With cryptocurrency craze for now, blockchain startups have to dig a little deeper to attract attention. Their last secret weapon: the Nobel prizes.
Covee Network is the latest venture to announce a partnership with a leading economist: Alvin Roth, gaming and market theory expert, who shared the Nobel economy in 2012. Prysm Group is borrowing the brain and the name of Oliver Hart from Harvard University, a co-graduate of 2016; and Cryptic Labs LLC collaborated with Eric Maskin – who shared the award in 2007 – and Christopher Pissarides – a 2010 co-winner.
A year ago, just saying the word "blockchain" was enough to arouse interest. The photography pioneer Eastman Kodak Co. last year had a brief return to fame and a 272% share price increase after a cryptocurrency license announced its name. The Long Island soft drink company Ice Tea Corp. was renamed Long Blockchain Corp., with similar results, only to be accused of deceptive investors.
But the magic has vanished. In August, according to data from Autonomous Research, the financing of the first offers of coins, which are used as an alternative to public offers by companies in the cryptocurrency business, fell to the lowest level in 16 months. Bitcoin, the oldest in space, has fallen by more than half this year to $ 6.655.
The question is: do the winners simply provide their name and reputation, or are they fully involved in the projects?
"When I first came together to join, I spent a lot of time thinking about whether I would just be a decoration or if I would be able to contribute," Roth said on the phone. What persuaded him was how he could bring his unique skills to support the project. "They are embracing game theory as a way to encourage participation".
Roth will help Covee, based in Zurich, to establish a strategy in regular phone calls and to have direct access to the team because it works in the same building as one of its members. Options to become a partial owner of the company remain open, although neither he nor Covee have disclosed any payment agreements. Like the partners of Cryptic Labs and Prysm, he is described as a consultant.
"It was the seriousness of the team, and our existing relationships that distinguished us," allowing the company to pack Roth, the CEO of Covee, Marcel Dietsch, a student at the University of Oxford, said on the phone . The interest shown by serious thinkers "shows that the blockchain sector is growing," he added.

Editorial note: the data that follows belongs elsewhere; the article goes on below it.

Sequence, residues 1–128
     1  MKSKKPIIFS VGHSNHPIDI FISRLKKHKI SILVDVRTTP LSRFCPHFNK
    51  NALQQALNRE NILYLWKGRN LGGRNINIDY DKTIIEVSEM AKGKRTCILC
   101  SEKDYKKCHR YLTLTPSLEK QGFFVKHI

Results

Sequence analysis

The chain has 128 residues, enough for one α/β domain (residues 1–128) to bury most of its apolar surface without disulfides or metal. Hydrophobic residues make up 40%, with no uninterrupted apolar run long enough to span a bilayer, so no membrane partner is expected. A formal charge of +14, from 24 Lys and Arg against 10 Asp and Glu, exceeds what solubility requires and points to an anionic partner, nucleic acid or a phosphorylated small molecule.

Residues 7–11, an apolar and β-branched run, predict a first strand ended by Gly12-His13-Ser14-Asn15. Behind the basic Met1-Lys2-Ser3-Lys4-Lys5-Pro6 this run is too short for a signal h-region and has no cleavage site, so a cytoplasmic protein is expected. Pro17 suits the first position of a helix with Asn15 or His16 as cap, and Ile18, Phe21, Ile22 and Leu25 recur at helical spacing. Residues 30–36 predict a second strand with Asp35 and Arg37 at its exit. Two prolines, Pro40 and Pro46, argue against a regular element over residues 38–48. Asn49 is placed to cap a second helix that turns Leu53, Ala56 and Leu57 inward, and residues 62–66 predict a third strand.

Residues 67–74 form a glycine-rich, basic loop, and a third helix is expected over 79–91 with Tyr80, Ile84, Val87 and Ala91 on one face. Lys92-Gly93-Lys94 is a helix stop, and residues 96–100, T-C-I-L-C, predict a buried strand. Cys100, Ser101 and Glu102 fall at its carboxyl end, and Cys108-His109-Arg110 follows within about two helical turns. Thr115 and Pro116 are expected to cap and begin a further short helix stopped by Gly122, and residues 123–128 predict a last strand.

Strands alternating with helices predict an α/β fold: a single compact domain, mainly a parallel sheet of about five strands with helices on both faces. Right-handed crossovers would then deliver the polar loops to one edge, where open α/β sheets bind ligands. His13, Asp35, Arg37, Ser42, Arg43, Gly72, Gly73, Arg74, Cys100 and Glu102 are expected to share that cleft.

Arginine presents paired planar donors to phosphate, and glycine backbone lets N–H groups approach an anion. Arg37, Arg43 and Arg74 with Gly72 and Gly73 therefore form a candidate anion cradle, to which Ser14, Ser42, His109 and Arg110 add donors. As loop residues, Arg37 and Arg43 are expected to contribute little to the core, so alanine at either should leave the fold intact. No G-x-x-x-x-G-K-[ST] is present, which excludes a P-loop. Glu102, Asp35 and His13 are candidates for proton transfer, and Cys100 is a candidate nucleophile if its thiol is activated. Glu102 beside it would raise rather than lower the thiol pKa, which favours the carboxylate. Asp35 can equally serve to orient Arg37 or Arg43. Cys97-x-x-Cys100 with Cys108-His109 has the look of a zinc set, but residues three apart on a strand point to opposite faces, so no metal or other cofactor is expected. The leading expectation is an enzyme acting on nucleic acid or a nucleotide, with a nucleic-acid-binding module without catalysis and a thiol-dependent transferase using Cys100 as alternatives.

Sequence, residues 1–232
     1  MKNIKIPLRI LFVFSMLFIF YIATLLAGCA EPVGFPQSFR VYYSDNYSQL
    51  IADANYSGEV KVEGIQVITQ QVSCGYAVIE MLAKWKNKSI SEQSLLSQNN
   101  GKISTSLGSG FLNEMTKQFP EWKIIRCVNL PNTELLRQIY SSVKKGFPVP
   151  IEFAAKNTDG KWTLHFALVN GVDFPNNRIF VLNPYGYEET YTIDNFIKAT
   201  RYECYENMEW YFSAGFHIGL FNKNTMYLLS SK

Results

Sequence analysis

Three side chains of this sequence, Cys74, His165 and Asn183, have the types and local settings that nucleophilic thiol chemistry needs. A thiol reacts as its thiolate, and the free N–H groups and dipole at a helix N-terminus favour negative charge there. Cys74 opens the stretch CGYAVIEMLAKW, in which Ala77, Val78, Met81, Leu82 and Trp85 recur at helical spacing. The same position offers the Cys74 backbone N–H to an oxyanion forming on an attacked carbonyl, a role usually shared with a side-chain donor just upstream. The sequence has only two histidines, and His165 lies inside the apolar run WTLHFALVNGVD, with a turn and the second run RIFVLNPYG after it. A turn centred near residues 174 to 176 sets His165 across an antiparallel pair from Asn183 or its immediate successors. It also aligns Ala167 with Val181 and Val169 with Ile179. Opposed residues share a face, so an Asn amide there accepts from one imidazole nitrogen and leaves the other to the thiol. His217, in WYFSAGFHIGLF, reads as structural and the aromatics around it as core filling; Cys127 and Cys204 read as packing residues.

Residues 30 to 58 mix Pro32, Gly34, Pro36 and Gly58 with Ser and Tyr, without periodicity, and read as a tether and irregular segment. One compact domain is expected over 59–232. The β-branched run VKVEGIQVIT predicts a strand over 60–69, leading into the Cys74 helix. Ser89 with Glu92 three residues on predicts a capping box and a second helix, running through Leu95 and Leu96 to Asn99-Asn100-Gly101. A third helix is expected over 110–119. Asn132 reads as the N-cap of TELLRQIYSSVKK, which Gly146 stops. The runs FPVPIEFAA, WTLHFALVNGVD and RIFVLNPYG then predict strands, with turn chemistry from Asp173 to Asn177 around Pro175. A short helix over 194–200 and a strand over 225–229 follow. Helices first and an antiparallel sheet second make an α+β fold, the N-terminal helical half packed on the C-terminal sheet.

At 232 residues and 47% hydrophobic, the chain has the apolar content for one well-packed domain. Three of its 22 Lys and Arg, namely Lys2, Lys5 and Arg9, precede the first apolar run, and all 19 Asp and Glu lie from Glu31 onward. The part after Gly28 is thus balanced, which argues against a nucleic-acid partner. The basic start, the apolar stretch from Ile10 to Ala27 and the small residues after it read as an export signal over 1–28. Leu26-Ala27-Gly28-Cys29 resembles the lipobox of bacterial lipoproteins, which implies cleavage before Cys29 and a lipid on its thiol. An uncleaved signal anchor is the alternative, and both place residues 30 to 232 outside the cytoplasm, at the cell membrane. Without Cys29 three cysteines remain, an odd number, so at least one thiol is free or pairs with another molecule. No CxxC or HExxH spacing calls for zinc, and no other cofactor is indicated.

Of course, not all the winners of the Nobel Memorial Prize in Economics agree on the advantages of cryptocurrencies.
"Bitcoin is evil," wrote Paul Krugman, a 2008 winner, in his New York Times column in December 2013. Even Roth says that much of what Covee aims to do initially can be achieved without blockchain.
The Covee white paper – with its discussion of game theory, including payoff charts – seems tailor-made to win over an economist. He is the author of six research doctorates, among other schools, Harvard and Imperial College of London, one of whom studied under Roth. The project is expected to be launched in November. At the moment it is not going to raise funds through an ICO.
Dietsch's goal is ambitious: he wants to destroy the company itself.
Using the Ethereum network, it aims to create a market for skills that will allow ad hoc teams to form around business projects. For example, a scientist who developed a new drug might look for a regulatory expert and someone with experience in marketing. Once the project is completed and the drug brought to market, it may melt. Dietsch states that the blockchains will replace the brokerage function of the company. Value tokens will be used to strengthen participation and solve the free rider problem, while smart contracts will address coordination problems.
"Why is most of the labor force remaining within the confines of centralized intermediaries like the centuries-old society?" Dietsch and his team ask in the white paper. "Both trust and traditional organizations are limited in terms of scale".